Dragon King The by R. A. Salvatore

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  THE DRAGON KING. Copyright © 1996 by R. A. Salvatore. All rights reserved. No part of this book may be reproduced in any form or by any electronic or mechanical means, including information storage and retrieval systems, without permission in writing from the publisher, except by a reviewer who may quote brief passages in a review.

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  ISBN: 978-0-7595-2423-1

  A hardcover edition of this book was published in 1996 by Warner Books.

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  First eBook edition: June 2001

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  Chapter One

  Chapter Two

  Chapter Three

  Chapter Four

  Chapter Five

  Chapter Six

  Chapter Seven

  Chapter Eight

  Chapter Nine

  Chapter Ten

  Chapter Eleven

  Chapter Twelve

  Chapter Thirteen

  Chapter Fourteen

  Chapter Fifteen

  Chapter Sixteen

  Chapter Seventeen

  Chapter Eighteen

  Chapter Nineteen

  Chapter Twenty

  Chapter Twenty-one

  Chapter Twenty-two

  Chapter Twenty-three

  Chapter Twenty-four

  Chapter Twenty-five

  Chapter Twenty-six

  Chapter Twenty-seven

  Chapter Twenty-eight

  Chapter Twenty-nine

  Chapter Thirty



  The Crystal Shard

  Streams of Silver

  The Halfling’s Gem


  Echoes of the Fourth Magic




  The Witch’s Daughter

  In Sylvan Shadows

  Night Mask

  The Legacy

  The Fallen Fortress

  Starless Night

  The Woods Out Back

  The Dragon’s Dagger

  The Chaos Curse

  Siege of Darkness

  Sword of Bedwyr*

  Dragonslayer’s Return

  Luthien’s Gamble*

  Passage to Dawn

  The Dragon King*

  Tarzan: The Epic Adventures

  The Demon Awakens

  *The Crimson Shadow Series

  *Published by


  To Diane, and to Bryan, Geno, and Caitlin


  The Avonsea Islands knew peace, but it was a tentative thing, founded on a truce that neither kingdom, Avon or Eriador, truly desired, a truce signed only because continuing the war would have been too costly for the outlaw king of Avon and too desperate for the ill-equipped and outmanned fledgling kingdom of Eriador.

  In that northern land, the wizard Brind’Amour was crowned, and the excitement of the common people, an independent and rugged breed, was rightly high. But King Brind’Amour, grown wise by the passage of centuries, tempered his own hopes in the sobering understanding that, in mighty Avon, evil Greensparrow remained as king. For twenty years Greensparrow had held Eriador in his hand, giving him dominance of all the islands, and Brind’Amour understood that he would not so easily let go, whatever the truce might say. And Greensparrow, too, was a wizard, with powerful demonic allies, and a court that included four wizard-dukes and a duchess of considerable sorcerous power.

  But though he was the only wizard in all of Eriador, alone in magical power against Greensparrow’s court, Brind’Amour took comfort that he, too, had powerful allies. Most prominent among them was Luthien Bedwyr, the Crimson Shadow, who had become the hero of the nation and the symbol of Eriador free. It was Luthien who slew Duke Morkney, Luthien who led the revolt in Montfort, taking back the city and restoring its true Eriadoran name of Caer MacDonald.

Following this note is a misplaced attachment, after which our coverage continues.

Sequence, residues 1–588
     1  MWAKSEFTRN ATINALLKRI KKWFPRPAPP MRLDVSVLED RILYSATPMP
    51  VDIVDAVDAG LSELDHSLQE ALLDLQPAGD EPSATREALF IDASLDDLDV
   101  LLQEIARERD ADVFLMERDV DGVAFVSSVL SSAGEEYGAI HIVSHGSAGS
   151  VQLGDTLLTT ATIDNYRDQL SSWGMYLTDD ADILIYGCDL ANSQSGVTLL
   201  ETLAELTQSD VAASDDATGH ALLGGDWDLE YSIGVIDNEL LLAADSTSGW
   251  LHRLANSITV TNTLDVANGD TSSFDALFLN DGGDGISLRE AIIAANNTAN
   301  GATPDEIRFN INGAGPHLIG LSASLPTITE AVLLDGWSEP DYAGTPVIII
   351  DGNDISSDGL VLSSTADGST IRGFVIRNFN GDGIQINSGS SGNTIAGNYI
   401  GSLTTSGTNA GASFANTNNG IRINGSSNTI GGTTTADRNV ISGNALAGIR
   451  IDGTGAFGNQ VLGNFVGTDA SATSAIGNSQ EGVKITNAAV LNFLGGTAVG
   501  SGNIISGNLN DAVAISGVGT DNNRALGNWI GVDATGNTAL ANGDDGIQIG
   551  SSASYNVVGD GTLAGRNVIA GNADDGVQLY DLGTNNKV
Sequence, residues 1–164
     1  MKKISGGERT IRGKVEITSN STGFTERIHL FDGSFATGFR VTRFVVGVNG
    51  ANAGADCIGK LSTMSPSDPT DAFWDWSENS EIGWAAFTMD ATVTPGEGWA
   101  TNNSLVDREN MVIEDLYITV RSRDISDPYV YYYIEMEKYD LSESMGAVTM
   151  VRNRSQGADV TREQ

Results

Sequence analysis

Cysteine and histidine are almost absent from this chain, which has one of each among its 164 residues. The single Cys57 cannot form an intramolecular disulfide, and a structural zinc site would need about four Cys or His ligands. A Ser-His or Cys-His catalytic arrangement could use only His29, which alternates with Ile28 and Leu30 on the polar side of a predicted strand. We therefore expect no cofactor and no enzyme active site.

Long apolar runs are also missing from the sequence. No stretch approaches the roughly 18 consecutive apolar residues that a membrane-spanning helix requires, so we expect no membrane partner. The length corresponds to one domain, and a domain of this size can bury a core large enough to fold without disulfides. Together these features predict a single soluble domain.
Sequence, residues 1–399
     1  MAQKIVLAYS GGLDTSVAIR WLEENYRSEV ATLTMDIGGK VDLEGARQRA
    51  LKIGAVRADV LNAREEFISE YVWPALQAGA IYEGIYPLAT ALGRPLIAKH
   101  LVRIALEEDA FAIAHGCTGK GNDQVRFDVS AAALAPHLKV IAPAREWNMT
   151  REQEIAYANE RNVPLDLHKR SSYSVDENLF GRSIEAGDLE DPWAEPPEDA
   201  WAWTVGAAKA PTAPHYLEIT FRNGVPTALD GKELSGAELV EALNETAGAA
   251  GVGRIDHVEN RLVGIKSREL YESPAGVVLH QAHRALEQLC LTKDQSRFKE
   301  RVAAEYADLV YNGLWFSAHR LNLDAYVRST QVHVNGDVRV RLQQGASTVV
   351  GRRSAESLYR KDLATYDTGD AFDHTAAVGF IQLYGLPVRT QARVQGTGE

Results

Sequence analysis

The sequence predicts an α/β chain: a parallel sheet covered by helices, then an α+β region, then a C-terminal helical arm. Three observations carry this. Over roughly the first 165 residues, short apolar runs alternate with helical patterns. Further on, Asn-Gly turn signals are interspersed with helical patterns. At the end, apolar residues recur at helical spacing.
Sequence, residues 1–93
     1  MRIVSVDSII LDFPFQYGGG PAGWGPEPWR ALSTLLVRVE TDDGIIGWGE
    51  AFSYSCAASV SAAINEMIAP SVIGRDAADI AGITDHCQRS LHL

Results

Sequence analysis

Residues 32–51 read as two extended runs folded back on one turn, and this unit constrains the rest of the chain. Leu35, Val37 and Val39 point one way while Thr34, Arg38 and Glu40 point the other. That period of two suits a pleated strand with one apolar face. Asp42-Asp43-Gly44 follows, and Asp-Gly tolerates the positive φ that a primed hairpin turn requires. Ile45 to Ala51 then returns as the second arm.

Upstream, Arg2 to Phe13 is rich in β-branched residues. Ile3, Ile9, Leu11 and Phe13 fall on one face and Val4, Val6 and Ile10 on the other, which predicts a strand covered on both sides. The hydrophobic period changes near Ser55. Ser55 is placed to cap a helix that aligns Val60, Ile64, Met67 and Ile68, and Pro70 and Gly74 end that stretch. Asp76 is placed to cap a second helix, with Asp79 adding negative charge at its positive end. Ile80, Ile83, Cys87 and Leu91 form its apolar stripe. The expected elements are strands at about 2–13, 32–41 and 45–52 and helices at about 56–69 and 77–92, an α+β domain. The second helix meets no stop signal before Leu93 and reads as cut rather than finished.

For now at least, Eriador was free, and all the people of the land—the sailors of Port Charley and the three northern islands, the fierce Riders of Eradoch, the sturdy dwarfs of the Iron Cross, the Fairborn elves, and all the farmers and fishermen—were solidly aligned behind their king and their land.

  If Greensparrow wanted Eriador back in his unlawful grasp, he would have to fight them, all of them, for every inch of ground.


  A simple spell brought him unnoticed past the guards, out from the main gates of the greatest city in all of Avonsea, mighty Carlisle on Stratton. Under cover of a moonless night, the man rushed along, fighting the rebellion, the inner turmoil, of his other self, the impatience of a being too long imprisoned.

  “Now!” implored a silent call within him, the willpower of Dansallignatious. “Now.”

  Greensparrow growled. “Not yet, you fool,” he warned, for he knew the risks of this journey, knew that to reveal himself to the Avonese populace, to show his subjects who and what he truly was, would surely overwhelm them. Dansallignatious, the other half of this man who was king, didn’t agree, had never agreed, through all the years of Greensparrow’s reign, through all the centuries before that since the time when the two, wizard and familiar being, had become one. To Dansallignatious, the revelation would only make them grovel all the more, would make Greensparrow greater in their eyes, would even cow the kings of neighboring countries into paying homage to the ultimate power that was Avon.

  But then, Greensparrow reasoned, Dansallignatious would think that way; it was the way of his kind!

  Through the fields the king ran, his feet hastened by a simple enchantment. Past the outlying farms, past the small huts where single candles behind windows showed that the folk were still awake. He felt a tug on his spine, an itch across his powdered skin.

  “Not yet,” Greensparrow implored Dansallignatious, but it was too late. The beast could no longer be contained. Greensparrow tried to run on, but a painful crack in his leg sent him sprawling in the thick grass. Then he was crawling, inching his way over a ridge, to roll down into the shelter of a grassy hollow.

  His screams brought the farmers of three nearby cottages to their windows, peering out cautiously into the dark night. One man took up his ancient family sword, a rusted old thing, and dared to go out, moving slowly toward the continuing sound.

  He had never heard such torment, such agony! It came from ahead, on the other side of a grassy bluff.